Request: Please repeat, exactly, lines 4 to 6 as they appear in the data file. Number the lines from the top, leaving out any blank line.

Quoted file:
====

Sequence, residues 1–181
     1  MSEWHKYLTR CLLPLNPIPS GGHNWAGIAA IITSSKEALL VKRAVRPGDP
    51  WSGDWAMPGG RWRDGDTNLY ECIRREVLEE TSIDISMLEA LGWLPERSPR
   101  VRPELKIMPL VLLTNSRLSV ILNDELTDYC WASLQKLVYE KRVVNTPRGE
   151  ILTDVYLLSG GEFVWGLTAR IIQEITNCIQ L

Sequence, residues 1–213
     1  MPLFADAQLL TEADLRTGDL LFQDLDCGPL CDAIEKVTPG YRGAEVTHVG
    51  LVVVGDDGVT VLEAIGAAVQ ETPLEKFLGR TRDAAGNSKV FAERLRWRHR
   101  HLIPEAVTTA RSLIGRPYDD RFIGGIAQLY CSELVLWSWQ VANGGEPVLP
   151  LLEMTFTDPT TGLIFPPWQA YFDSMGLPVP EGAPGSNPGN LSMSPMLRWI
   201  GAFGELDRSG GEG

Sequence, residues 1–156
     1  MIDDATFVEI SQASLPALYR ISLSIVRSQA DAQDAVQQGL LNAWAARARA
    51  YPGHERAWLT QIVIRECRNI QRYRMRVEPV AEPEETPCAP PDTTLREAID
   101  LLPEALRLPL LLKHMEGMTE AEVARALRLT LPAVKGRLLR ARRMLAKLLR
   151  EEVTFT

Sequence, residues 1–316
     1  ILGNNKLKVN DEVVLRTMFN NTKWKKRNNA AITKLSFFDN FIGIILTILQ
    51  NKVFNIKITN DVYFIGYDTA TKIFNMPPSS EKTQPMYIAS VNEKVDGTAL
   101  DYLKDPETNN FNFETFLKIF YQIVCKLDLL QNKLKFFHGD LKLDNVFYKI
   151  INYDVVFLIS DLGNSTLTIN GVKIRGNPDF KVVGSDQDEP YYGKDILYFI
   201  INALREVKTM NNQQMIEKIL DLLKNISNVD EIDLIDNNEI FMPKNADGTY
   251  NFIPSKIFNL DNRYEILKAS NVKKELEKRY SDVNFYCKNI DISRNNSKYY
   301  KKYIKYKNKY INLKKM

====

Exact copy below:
   101  VRPELKIMPL VLLTNSRLSV ILNDELTDYC WASLQKLVYE KRVVNTPRGE
   151  ILTDVYLLSG GEFVWGLTAR IIQEITNCIQ L

Sequence, residues 1–213